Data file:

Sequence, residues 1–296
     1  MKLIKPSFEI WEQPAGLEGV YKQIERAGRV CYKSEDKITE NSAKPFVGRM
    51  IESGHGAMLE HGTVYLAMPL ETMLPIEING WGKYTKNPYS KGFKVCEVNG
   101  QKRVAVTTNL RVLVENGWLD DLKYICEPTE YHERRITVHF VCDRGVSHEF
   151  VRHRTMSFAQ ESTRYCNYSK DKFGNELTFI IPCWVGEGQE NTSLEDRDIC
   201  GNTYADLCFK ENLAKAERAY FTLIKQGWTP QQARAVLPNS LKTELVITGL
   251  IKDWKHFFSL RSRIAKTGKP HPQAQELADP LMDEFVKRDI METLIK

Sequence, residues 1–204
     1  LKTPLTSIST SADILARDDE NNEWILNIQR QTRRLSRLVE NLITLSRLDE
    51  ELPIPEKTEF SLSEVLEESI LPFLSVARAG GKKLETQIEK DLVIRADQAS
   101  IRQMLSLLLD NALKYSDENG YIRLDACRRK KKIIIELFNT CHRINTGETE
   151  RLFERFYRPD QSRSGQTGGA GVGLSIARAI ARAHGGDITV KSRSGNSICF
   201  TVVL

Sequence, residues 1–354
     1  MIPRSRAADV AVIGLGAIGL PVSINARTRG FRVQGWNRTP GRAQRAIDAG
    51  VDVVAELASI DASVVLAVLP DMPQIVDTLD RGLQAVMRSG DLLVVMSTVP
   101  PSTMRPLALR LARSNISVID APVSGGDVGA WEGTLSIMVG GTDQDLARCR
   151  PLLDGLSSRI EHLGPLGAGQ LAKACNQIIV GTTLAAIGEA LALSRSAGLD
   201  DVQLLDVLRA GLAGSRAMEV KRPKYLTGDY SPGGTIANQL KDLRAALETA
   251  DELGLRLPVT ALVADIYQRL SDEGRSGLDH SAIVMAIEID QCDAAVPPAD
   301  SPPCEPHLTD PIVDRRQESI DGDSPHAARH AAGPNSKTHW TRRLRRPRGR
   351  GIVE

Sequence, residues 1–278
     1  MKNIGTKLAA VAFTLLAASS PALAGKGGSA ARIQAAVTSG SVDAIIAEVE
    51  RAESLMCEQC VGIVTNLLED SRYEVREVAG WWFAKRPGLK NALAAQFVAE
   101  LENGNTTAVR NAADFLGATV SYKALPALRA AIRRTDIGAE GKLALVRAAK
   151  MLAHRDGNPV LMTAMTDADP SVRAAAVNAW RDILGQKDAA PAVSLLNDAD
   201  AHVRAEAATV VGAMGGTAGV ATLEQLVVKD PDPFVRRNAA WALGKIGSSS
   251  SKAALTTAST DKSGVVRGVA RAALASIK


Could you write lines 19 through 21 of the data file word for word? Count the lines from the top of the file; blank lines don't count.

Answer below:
   201  DVQLLDVLRA GLAGSRAMEV KRPKYLTGDY SPGGTIANQL KDLRAALETA
   251  DELGLRLPVT ALVADIYQRL SDEGRSGLDH SAIVMAIEID QCDAAVPPAD
   301  SPPCEPHLTD PIVDRRQESI DGDSPHAARH AAGPNSKTHW TRRLRRPRGR